EconPapers    
Economics at your fingertips  
 

The Identification of Non-Rational Risk Shocks

Maximilian Böck

Department of Economics Working Papers from Vienna University of Economics and Business, Department of Economics

Abstract: This paper studies how non-rational risk shocks affect the macroeconomy. Using a novel identification design which exploits survey data on expectations of financial executives in the US, I identify non-rational risk shocks via distortions in beliefs. Belief distortions are measured through surprises in beliefs of credit spreads, defined as the difference between subjective and objective forecasts. They are then used as a proxy for exogenous variation in the risk premium. Belief distortions elicit due to overreaction of credit spreads, eventually leading to exaggerated beliefs on financial markets. Results indicate that the constructed shocks have statistically and economically meaningful effects. This has sizeable consequences for the U.S. economy: A positive non-rational risk shock moves credit spreads remarkably while real activity and the stock market decline.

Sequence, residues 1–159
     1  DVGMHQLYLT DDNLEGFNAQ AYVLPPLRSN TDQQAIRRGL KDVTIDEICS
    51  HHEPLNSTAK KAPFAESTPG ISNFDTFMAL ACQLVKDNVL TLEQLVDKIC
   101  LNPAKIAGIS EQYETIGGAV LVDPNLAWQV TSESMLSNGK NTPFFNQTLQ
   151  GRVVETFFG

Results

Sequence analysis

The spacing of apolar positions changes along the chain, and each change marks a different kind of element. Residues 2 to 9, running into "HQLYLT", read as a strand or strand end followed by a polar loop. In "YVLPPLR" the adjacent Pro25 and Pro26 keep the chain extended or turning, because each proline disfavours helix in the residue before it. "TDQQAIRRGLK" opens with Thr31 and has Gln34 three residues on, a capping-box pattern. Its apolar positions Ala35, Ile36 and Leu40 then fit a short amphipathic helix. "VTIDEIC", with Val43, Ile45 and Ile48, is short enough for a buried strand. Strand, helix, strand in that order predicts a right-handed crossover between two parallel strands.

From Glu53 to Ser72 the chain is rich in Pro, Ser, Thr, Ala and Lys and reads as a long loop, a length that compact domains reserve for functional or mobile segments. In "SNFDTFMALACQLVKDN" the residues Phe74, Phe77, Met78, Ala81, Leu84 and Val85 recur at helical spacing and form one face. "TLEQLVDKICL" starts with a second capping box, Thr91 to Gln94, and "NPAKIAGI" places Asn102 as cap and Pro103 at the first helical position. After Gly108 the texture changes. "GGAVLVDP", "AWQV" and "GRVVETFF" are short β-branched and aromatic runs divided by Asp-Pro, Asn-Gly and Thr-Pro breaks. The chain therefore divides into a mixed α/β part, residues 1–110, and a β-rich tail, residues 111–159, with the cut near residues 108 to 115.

Keywords: Business Cycles; Risk Shocks; Belief Distortions (search for similar items in EconPapers)
JEL-codes: C32 E32 E44 E71 G41 (search for similar items in EconPapers)
Date: 2021-06
New Economics Papers: this item is included in nep-cwa, nep-fdg and nep-mac
Note: PDF Document
References: Add references at CitEc
Citations: Track citations by RSS feed

Downloads: (external link)
https://epub.wu.ac.at/8197/1/wp314.pdf (application/pdf)

Related works:
Working Paper: The Identification of Non-Rational Risk Shocks (2021) Downloads
This item may be available elsewhere in EconPapers: Search for items with the same title.

Export reference: BibTeX RIS (EndNote, ProCite, RefMan) HTML/Text

Persistent link: https://EconPapers.repec.org/RePEc:wiw:wiwwuw:wuwp314

Access Statistics for this paper

More papers in Department of Economics Working Papers from Vienna University of Economics and Business, Department of Economics Welthandelsplatz 1, 1020 Vienna, Austria.
Bibliographic data for series maintained by Department of Economics ().

 
Page updated 2022-07-05
Handle: RePEc:wiw:wiwwuw:wuwp314